Let us study an important class, the Math Class, which comes several mathematical functions that will help us greatly in our complete an free Java course.

Allied to this large and powerful class with our Methods section, we'll learn how to use the methods that are declared in a different class that we're making the call.

## Calling methods from other Java classes

So far we call the methods as follows:

method_name(arguments);

We did it because we define these methods within the same class (so far only made Java applications containing one class. Classes will study in the next section).

However, when the method is not present in the class that we're making the call, the syntax is different, it is as follows:

Class_Name.method_name(arguments);

It is noteworthy that the statement is made that way because these methods are static (static). That is, it was not necessary to create an object of class Math (different class Scanner, for example).

In the next section of the course on Classes, you will understand more about static elements.

## The Math Class from Java

To illustrate the use of methods of other classes, and to assist in the calculation of constants (such as the number pi, Euler's number), the calculation of trigonometric functions (sine, cosine, tangent, etc.) and other functionalities, we will introduce and use the Math class.This class is already in the package java.lang. That is, we don't need to care in import, as we do with the Scanner class, for example.

### Math class constants:

We will print the value of Pi and Euler's constant, the '**e**' of exponential numbers.

These values are stored in the constants PI and E, the Math class. The constants of other classes are accessed in the same manner as the methods, ie:

*Math.PI*

*Math.E*

Let's print these values:

```
public class constante {
public static void main(String[] args){
System.out.println("Pi value: " + Math.PI);
System.out.println("Exponential value: " + Math.E);
}
}
```

### Exponential and potentiation in Math Class

To calculate things values such as: e ^ xuse the method: exp(), which takes a double and returns a double.

*number =*

*math.exp*

*(argument)*

To calculate any powers, of the form: a ^ b

where a and b are of type double, use the method pow () in class Math

*number = Math.pow(a, b)*

```
public class Mathtest {
public static void main(String[] args){
System.out.println("'e' elevado ao quadrado = "+ Math.exp(2));
System.out.println("2 cubed = " + Math.pow(2, 3));
}
}
```

Remember that these methods return double.

If you have declared a float and get the result you want in your float variable, use the **cast**.

For example, in the case of our methods to calculate the BMI, the "square" returns a float, then do:

*(float) Math.pow (height, 2);*

Thus, the method Math.pow() will return a float instead of double.

See how would our methods:

```
public static float BMI(float weight, float height){
return weight/(float)Math.pow(height, 2);
}
public static float square(float num){
return Math.pow(num,2);
}
```

In fact, neither method square() would need more, because the pow() already does this, but it's important that you learned how square works in programming, not only in Java.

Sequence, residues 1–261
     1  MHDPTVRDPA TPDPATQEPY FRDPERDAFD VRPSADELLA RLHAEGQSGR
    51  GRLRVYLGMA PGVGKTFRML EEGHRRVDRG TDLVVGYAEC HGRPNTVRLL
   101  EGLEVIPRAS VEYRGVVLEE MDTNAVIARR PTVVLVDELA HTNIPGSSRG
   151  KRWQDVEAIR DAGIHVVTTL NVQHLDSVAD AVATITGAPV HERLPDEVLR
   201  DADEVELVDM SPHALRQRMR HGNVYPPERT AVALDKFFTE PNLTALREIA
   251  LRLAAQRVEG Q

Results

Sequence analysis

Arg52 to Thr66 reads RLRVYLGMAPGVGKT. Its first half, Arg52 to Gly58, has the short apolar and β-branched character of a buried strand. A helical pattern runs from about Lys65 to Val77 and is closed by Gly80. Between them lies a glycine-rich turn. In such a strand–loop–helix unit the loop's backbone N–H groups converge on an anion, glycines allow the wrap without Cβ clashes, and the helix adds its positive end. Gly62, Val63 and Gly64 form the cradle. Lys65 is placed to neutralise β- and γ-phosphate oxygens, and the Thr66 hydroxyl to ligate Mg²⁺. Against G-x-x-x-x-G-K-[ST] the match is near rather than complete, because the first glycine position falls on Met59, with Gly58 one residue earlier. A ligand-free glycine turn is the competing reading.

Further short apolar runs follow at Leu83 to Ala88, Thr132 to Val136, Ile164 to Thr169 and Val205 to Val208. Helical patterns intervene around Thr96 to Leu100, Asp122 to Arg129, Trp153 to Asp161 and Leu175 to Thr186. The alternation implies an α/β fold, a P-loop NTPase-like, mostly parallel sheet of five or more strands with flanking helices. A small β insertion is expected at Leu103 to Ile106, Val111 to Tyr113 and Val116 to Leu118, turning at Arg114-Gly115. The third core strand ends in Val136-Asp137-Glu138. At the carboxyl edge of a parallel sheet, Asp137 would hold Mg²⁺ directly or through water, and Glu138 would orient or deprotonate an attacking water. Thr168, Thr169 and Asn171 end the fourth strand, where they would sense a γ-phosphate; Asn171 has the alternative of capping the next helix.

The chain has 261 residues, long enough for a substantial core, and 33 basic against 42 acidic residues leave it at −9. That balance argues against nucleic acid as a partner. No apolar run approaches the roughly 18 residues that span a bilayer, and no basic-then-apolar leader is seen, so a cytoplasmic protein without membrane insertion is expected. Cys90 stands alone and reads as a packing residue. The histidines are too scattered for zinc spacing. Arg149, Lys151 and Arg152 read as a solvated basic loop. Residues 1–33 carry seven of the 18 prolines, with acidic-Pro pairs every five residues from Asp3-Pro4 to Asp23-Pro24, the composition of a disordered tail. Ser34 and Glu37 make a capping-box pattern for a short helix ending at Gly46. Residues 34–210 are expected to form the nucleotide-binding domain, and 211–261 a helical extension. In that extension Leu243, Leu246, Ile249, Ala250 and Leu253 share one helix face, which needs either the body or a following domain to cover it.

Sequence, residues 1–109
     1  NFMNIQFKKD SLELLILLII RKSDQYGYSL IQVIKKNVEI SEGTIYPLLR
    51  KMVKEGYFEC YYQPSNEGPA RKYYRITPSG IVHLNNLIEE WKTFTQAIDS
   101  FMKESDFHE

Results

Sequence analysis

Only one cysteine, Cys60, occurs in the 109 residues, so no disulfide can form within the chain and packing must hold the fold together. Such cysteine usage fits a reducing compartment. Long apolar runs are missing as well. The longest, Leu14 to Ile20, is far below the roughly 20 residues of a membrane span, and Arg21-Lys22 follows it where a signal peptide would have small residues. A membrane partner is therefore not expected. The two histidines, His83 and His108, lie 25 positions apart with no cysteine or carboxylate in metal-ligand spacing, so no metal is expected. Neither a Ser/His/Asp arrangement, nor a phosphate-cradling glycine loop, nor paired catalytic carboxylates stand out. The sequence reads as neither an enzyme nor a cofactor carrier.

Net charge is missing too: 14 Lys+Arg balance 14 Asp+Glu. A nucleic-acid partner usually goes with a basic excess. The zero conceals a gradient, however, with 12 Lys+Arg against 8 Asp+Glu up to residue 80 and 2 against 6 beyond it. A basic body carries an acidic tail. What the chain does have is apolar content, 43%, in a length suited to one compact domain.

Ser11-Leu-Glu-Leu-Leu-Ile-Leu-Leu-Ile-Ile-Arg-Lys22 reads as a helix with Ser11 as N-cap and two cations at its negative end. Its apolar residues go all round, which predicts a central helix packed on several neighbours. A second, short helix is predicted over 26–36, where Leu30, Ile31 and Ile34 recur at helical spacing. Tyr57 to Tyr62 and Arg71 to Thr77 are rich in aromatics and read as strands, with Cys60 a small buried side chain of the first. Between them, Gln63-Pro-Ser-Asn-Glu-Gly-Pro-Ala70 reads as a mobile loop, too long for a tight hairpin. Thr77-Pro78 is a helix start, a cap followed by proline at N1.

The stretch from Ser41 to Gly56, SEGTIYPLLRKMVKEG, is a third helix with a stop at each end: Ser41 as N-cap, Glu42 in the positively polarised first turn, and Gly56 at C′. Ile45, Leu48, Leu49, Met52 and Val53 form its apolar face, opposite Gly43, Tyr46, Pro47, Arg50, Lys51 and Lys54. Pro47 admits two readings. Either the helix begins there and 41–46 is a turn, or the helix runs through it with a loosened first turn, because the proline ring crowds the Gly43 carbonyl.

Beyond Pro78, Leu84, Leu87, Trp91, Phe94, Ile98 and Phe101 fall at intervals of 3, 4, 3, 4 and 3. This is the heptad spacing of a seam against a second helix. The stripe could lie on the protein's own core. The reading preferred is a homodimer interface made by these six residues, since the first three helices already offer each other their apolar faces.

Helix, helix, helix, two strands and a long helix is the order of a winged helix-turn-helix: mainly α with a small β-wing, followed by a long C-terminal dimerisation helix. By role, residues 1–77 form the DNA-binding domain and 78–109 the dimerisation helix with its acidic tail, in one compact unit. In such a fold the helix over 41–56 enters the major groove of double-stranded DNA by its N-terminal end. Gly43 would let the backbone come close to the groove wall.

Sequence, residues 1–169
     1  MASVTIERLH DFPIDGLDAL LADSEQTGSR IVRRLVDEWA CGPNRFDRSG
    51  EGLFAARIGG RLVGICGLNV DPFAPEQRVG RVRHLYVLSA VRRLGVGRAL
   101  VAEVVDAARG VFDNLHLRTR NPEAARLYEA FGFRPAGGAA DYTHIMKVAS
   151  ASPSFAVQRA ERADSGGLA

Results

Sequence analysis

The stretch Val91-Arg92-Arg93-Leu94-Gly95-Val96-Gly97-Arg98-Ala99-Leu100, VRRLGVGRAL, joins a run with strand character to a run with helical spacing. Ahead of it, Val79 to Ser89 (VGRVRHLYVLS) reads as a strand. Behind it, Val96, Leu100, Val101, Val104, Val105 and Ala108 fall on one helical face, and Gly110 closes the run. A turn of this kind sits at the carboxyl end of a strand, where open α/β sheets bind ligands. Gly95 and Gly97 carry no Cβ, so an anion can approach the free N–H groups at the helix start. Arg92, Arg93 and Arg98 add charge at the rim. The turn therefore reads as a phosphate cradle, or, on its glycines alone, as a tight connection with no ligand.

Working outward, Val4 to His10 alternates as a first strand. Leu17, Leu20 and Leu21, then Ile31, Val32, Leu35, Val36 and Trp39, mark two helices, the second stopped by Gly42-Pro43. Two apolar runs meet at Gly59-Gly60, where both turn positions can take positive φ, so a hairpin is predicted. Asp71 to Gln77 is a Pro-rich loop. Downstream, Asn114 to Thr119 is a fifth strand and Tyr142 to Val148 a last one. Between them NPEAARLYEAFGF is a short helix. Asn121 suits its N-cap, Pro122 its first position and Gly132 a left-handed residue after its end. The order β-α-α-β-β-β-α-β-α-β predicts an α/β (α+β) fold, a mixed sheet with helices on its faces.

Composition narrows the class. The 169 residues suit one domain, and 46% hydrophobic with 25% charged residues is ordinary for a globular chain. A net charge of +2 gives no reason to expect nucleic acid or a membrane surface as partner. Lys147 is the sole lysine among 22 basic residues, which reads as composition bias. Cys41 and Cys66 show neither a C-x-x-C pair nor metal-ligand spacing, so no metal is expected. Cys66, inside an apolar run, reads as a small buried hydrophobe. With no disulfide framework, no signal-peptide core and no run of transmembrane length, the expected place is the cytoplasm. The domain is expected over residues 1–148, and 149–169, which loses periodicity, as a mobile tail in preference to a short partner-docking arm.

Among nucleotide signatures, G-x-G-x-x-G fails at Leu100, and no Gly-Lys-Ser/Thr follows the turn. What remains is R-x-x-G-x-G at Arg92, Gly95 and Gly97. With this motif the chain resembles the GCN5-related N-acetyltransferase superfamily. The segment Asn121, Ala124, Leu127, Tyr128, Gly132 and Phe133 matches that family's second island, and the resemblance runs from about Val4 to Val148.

### Calculating the Square Root in Java through grade Math

To calculate the square root of a positive number, we use the method sqrt().That receives and returns a double.

For example, a program that shows the square root of PI:

```
public class RaizDePi {
public static void main(String[] args){
System.out.println("Pi square root = "+ Math.sqrt( Math.PI ) );
}
}
```

### Calculating natural logarithms in Java through grade Math

Calculates the natural logarithms (ie, the base 'e') using the method: log()that receives and returns doubles.

For example, a program that shows the natural logarithm of the number of 10 and 'e':

```
public class logarithms {
public static void main(String[] args){
System.out.println("Natural logarithm of 10 is = "+ Math.log(10) );
System.out.println("Natural logarithm of 'e' is = "+ Math.log( Math.E ) );
}
}
```

### Calculating sines, cosines, tangents and other trigonometric functions in Java using the Math class

The main trigonometric functions are sine, cosine and tangent, and are calculated by the methods:*Math.sin()*

*Math.cos()*

*Math.tan()*

They receive and return values of type double. However, the values that these functions must be given in RADIANS!

```
public class Trigonometrics {
public static void main(String[] args){
System.out.println("90 degrees sin = "+ Math.sin( (Math.PI)/2 ) );
System.out.println("O degrees cosine = "+ Math.cos(0) );
System.out.println("45 degrees tangent = "+ Math.tan( (Math.PI)/4 ));
}
}
```

### Module, maximum, minimum and rounding in Java through Math Class

To calculate the modulus of a number 'number' use: Math.abs(number)To calculate the minimum of two numbers 'num1' and 'num2', use: Math.min(num1, num2)

To compute the maximum of two numbers 'num1' and 'num2', use: Math.max(num1, num2)

To round a number 'number' up, use: Math.ceil(number)

To round a number 'number' down, use: Math.floor(number)

These methods, like all others, receive and return double. If you would like to spend another type, use cast as explained in the method pow().

### More mathematical methods in Java

Access the documentation:http://docs.oracle.com/javase/6/docs/api/java/lang/Math.html

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